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  • Writer's pictureAashish Gupta

How to pick an #OrderDirect partner?

So you own a restaurant and have been hearing all the buzz around #OrderDirect, the industry-wide wake-up call for you to take control of your online business back from aggregators. You’ve probably attended webinars on the theme, read the news reports on leading media platforms and heard of a few names that offer direct ordering technologies.

Now how do you go about actually picking one of them? When comparing the pricing, basic online ordering features, delivery partners and existing integrations, there really isn’t that much to separate the players. Even where there are some differences, those will surely be evened out by each one catching up with the others in no time.

When making an important choice that will affect the long-term health of your business, it is important to consider strategic factors beyond features and capabilities.

This blog post will guide you through some of those key questions.

1. Which verticals does this player specialize in?

Some companies are specialists in the F&B industry. Their teams have spent a large part of the past decade building products for the F&B domain, and they continue to remain focused on this vertical.

There are others who are addressing a large number of retail domains beyond F&B. A lack of focus on the restaurant vertical means they will be less likely to prioritize specialized use cases that are needed by this industry. Put simply, their future is not tied to yours.

Pick a partner who is most likely going to deepen its skills in your domain.

2. Which pricing model is aligned with your interests?

While some companies are charging a flat transaction fee per order, others charge a fixed annual fee, and still others charge both an annual fee and a percentage commission per transaction. It is important to understand the implications of this.

A partner that charges you an annual fee is going to make money whether the platform brings you orders or not. If they charge you a percentage commission per order, they take a larger share of your margins as your average order value increases.

A low, flat transaction fee is the fairest model - it means they only make money if you make money, and they don’t eat into your margins for higher value orders.

3. Who owns the customer relationship?

Certain companies host your website on their branded base URL ( They also display a “Powered by … (their brand)” label on your website. Some players also aggregate all their partner restaurants in a single website owned by them. This means that ultimately, it is their brand that is placed front-and-centre in the customer’s mind, even when the customers are on your direct channel.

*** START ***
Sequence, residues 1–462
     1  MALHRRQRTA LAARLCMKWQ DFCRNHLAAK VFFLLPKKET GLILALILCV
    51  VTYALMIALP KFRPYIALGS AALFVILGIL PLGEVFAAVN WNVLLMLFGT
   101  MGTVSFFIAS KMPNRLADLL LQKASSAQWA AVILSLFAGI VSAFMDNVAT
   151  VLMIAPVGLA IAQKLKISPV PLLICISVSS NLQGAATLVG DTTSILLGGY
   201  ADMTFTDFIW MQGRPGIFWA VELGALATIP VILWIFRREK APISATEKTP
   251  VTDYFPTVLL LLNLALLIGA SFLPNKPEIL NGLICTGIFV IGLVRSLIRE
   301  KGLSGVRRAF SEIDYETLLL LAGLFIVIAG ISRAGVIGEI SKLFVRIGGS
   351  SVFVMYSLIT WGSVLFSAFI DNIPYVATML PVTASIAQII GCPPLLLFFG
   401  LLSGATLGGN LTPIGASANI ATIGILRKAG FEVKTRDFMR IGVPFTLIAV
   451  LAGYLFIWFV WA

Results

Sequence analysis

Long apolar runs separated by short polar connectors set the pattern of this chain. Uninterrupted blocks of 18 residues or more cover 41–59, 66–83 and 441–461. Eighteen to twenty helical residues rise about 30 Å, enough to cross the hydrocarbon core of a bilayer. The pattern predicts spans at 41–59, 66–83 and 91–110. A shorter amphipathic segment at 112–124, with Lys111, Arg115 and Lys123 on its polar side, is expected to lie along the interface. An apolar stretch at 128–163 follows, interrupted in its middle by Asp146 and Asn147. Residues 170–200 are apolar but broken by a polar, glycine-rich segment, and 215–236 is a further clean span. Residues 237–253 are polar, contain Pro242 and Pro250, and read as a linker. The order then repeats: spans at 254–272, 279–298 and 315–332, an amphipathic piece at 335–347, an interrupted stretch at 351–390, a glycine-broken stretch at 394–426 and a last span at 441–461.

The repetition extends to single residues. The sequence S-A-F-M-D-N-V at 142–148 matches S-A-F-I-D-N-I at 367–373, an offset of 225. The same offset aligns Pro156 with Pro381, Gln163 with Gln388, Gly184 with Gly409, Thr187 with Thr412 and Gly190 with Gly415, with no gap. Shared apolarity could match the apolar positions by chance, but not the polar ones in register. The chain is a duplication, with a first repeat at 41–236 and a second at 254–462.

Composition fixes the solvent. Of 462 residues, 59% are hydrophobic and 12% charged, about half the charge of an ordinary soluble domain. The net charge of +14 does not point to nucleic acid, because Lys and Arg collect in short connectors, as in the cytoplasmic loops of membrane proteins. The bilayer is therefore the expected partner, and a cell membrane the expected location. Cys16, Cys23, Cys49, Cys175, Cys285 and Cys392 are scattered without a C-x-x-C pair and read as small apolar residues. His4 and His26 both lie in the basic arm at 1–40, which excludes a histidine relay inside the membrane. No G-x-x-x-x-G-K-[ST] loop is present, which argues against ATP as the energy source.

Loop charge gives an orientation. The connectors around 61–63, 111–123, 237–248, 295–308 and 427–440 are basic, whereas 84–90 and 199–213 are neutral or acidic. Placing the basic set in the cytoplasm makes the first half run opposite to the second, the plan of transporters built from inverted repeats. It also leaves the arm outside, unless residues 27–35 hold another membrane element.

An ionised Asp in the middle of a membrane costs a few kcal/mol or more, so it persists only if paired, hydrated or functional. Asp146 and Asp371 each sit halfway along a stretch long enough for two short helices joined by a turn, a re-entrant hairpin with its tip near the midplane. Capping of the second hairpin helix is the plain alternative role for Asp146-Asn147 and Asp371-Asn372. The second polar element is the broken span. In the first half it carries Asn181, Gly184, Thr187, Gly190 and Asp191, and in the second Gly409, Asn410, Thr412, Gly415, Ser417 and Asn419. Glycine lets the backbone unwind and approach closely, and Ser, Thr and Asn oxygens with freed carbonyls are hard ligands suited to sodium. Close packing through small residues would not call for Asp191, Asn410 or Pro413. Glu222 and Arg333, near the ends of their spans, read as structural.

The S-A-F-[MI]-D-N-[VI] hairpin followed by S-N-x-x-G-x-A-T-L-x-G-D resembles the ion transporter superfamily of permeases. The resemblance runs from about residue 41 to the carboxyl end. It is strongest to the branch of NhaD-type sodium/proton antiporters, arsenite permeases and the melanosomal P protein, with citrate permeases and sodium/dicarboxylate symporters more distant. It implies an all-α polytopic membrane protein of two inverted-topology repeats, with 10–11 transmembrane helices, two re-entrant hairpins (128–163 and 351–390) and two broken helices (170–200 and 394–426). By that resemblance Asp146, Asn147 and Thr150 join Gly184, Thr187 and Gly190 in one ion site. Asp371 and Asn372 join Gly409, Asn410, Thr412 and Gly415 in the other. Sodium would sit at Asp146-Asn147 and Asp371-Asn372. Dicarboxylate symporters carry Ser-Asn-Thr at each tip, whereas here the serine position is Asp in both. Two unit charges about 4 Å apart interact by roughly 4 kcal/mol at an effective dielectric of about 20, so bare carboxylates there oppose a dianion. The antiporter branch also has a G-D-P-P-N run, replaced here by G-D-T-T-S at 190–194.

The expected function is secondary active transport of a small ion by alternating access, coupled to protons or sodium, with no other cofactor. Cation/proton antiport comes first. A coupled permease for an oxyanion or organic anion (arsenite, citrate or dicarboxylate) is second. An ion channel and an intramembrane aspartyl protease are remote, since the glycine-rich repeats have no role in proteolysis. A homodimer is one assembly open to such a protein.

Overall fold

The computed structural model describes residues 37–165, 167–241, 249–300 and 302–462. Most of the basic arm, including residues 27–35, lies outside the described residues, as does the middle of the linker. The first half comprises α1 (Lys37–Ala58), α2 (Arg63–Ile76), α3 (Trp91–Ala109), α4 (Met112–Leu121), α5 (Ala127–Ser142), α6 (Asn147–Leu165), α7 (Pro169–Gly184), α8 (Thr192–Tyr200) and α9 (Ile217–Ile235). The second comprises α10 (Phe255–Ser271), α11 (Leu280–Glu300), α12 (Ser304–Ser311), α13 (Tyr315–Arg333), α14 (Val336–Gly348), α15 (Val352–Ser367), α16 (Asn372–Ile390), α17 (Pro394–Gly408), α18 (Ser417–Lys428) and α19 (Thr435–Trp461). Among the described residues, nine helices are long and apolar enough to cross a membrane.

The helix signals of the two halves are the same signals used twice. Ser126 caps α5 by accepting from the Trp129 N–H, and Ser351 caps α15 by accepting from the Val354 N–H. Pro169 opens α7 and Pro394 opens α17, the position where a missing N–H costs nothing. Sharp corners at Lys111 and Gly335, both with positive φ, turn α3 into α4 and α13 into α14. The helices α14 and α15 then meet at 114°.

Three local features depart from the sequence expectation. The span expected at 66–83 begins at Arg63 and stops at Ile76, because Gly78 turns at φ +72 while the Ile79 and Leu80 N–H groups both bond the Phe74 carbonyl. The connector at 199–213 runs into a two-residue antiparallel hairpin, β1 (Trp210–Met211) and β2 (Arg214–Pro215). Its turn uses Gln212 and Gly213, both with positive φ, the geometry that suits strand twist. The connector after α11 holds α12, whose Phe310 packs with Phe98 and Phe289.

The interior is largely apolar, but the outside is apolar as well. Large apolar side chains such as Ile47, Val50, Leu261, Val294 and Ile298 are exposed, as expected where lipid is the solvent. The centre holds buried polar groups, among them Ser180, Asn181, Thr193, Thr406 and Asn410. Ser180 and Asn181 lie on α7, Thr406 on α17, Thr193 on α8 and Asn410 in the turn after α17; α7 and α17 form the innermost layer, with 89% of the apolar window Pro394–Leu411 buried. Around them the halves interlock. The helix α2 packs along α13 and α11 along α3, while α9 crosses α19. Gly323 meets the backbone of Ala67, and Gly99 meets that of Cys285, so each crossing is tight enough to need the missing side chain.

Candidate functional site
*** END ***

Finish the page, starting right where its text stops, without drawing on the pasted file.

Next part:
It is important that the technology partner is completely invisible to your customers. Your website should ideally be hosted on a generically-named base URL (

4. How conflict-free is their model with your existing arrangements?

Another implication of branded and aggregated websites is that they may come under the legal definition of marketplaces. Your contract with aggregators most likely requires you to maintain the same prices across all marketplaces.

Some tech partners, however, give you your own website. And hence you are free to offer lower prices to your customers without violating your contract with aggregators. This is a very powerful and important tool you have in your armoury for attracting customers to your site. Part of your saved commissions can be shared with customers by way of lower prices.

5. How dependent will you become on them?

Let us suppose you want to migrate your online business to another partner in the future. How easy or difficult will it be to migrate all your existing customer data to the new platform? Some tech partners allow you to export all your data in a completely portable industry-standard format, while others have not made any such policies.

6. Who are the investors and partners in each player?

You have seen a story play out earlier: A new technology partner who has raised several million dollars comes out with an attractive price to enter the market but its investors force the company to raise its prices in due course. It is important to understand the nature and number of investors behind your tech partner. Since this is a long term game, it is important to work with partners who will put your interest before their investors’ demands.

So, the verdict.

Given the above observations and the real risks of choosing a well-funded, opportunistic player that may turn predatorial in the future,

the first choice for any restaurant looking to build a long-term strategic advantage for their online business should be a firm that meets most of the above criteria.
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